Signpost (Weber, Utah), 1971-01-121
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Volume 30, Number 21 Weber State College, Ogden, Utah 84403 Tuesday, January 12, 1971 r ( X Dr. Stefan T. Possony will be featured convocation guest this Thursday. International situation on convocation sched. "The Developing International Situation" will be the subject of Dr. Stefan T. Possony's lecture at convocation, Thursday, Jan. 14 at . 11 a.m. in the Fine Arts Center Auditorium. Dr. Possony, who is at present Director of International Studies of the Hoover Institute on War, Revolution and Peace at Stanford university, was born in Vienna in 1913. He was educated in Austria, Germany, Italy, France, and the United States. He served as advisor to the French Air Ministry in 1939, and as psychological warfare officer for U.S. Naval Intelligence during World War II. From 1946-1961, Dr. Possony lectured in the graduate school of Georgetown university, during which time he was a special advisor to the U.S. Air Force at the Pentagon. He is visiting professor of the Foreign Policy Research Institute at the University of Pennsylvania. Dr. Possony has WSC-USU tickets go on sale Feb. 6 The athletic department has been notified of the availability of tickets for the Utah State-Weber State game Feb. 23 at Logan according to Gary Crompton, assistant athletic director. Tickets to the game will be sold on a first come-first service basis beginning at 6 a.m., Feb. 6. The line will form at the east doors of the gymnasium for the tickets, which will be $2 each for a reserved chair back section: Only one ticket per identification card will be sold. The game will also be televised over Channel Two. . Approximately 600 tickets have been left for students, and full-time faculty and staff who have purchased season tickets. lectured on Communism, strategy, and international affairs throughout the United Sates and Europe. He is the Strategy and Military Affairs Editor of the American Security Council. Among honorary degrees awarded Dr. Possony, the Chinghua Academy of Taipah, China granted him title of Honorary Academician in 1965. The author of many books and articles, Dr. Possony's most recent publications include The Geography of Intellect, Lenin The Compulsive Revolutionary and The Legality of U.S. Action in Vietnam. OTTERS are playful animals. They can amuse themselves for hours playing tag in or out of the water. Excellent swimmers, otters can swim under water for a quarter of a mile without emerging for air. Many fascinating animals show off their talents in D. J. Nelson's Audubon Wildlife Film, "Three Seasons North". Yoga and skating among classes inifafed by Continuing Ed Dept. Get 50 points knocked off you driving record by taking the Driver Improvement Program, or don't drive, take up ice skating, or get a horse ! Not interested? How about taking a course in Yoga? The Continuing Education department is opening several new programs this month. Each program will be taught during evenings. No credit will be given for the courses. To qualify for the Driver Improvement program, a student must have a minimum of 50 points on his driving record. If he passes the class, 50 points will be deducated from his record. There will be one two hour session a week for four weeks. The cost will be $5 per student. The curriculum structure has been outlined by the Utah State Safety Council. Klicrobiology prof scores to receive grant of $14,000 A Weber State College microbiology faculty member has been engaged in studies on a micro-organism which is capable of degrading waste cellulose to simple sugars. $14,000 Grant Dr. Fred J. Stutzenberger, assistant professor of microbiology, received a $14,000 grant from the Bureau of Solid Waste Management, U.S. Public Health Service, to find a biological solution to the increasing problem of waste cellulose disposal. Waste To Sugars Dr. Stutzenberger found that waste cellulose, which is mostly disposed of as paper products, can be broken down by microorganisms in a regulated composting process such as that being conducted at the PHS-TVA Joint Composting project at Johnson City, Tenn., where he worked before joining the Weber State staff. The micro-organism which Dr. Stutzenberger is currently studying was isolated from the composting municipal solid waste at this project and appears to be the major cellulose decomposer To date, progress on physiological studies on this organism have revealed its minimal requirements for growth and cellulose breakdown, he said. . Work Continuing Work is now being done to determine what sugars are produced when cellulose is degraded, and also the effect which high concentrations of certain metals such as iron and aluminum have on the breakdown process. End Product The end product of the cellulose breakdown has the appearance, texture and odor of soil and a byproduct may prove to be a good soil-texturizing (not fertilizing) agent, Dr. Stutzenberger said. But before commercial development on this product can occur, a way to bring down costs of composting must be found, he said. 'Three Seasons North' Sets the Audubon theme The river otter, one of natures most delightful characters, will be the theme in D.J. Nelson's audubon production, "Three Seasons North." This Film of wildlife in the northlands will be presented by Mr. Nelson, tomorrow night, Jan. 13, in the Fine Arts Auditorium. The cost for Weber State students is 50 cents and for the public $1, KT V -P. 1 . 0 - iV. According to Jerry Peterson director of Conferences and Special Programs for the Continuing Education department, a minimum of fifteen students will have to enroll before the class can start. Interested persons should contact Mr. Peterson in room 316c in the administration building, or phone ext. 576. Ice skating and horsemanship could become part of the curriculum offered by the Physical Education department, providing enough interest is generated by two courses being offered this month by the Continuing Ed department. ' An ice skating class will begin Jan. 18. Enrollees will be charged a $5 registration fee, and a $10 lab fee. Beginning Jan. 21 at the Golden Spike Coliseum, Continuing Ed will also be directing a Horsemanship seminar. Registration is limited to persons who are 14 years of age or older. Those registering must have access to a horse. Classes will be held once a week for eight weeks. Jhe cost will be $15. To enroll, call Mr. Peterson at ext. 576. The film was made in British Columbia. Mr. Nelson traveled searching for the playful otter throughout a large lake system. This area is one of the remote wilderness in North America where otters might be studied in their own pristine environment, just as they lived there since the Great Ice Age. Other types of wildlife was filmed during his stay in the wilderness as he was searching for the otter. Mountain sheep, moose, bear, caribou, birds, and mountain lion cubs are just some of the many subjects Mr. Nelson filmed. Mr. Nelson was born, of Danish ancestry, on the Uintah Ouray Indian Reservation in Northeastern Utah. He learned during his boyhood the arts of woodsmanship from members of the Ute Dog Clan. According to Dr. Orson W. Young, D.J. Nelson is one of the best speakers from the National Audubon Society.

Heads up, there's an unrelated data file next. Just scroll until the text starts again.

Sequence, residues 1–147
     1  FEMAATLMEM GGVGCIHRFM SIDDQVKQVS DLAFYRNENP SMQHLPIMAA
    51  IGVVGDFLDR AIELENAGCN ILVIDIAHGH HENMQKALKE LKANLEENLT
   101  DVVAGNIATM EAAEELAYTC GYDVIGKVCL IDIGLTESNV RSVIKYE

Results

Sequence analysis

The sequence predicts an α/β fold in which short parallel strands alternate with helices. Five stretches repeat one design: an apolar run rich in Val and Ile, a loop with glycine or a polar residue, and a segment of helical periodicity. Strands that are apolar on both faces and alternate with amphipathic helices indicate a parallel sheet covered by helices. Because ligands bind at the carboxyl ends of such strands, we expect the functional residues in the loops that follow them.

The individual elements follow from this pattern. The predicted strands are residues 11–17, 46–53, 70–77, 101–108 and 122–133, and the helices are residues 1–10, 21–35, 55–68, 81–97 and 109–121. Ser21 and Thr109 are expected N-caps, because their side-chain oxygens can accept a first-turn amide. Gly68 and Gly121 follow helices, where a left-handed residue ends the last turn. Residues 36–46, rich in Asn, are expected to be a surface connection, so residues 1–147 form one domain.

|Title||Signpost (Weber, Utah), 1971-01-12, Vol. 30, No. 21|
|Creator||Weber State College|
|Contributors||Associated Students of Weber College|
|Description||Weber's current student newspaper, the Signpost, first appeared on September 29, 1937. For two years prior to that time, campus news was disseminated via announcements posted on a bulletin board known as the "Signpost". As a result, the masthead of the first issue of the paper itself featured a rudimentary wooden sign with the title spelled out in rustic-looking letters. Over the years the paper has been published continuously, though the look, size and style has changed several times.|
|Subject||College student newspapers and periodicals; Weber State College|
|Publisher Digital||Stewart Library, Weber State University|
|Source||University Archives LD5893.W55 S5, Stewart Library, Weber State University|
|Rights Management||Public Domain. Courtesy of University Archives, Stewart Library, Weber State University.|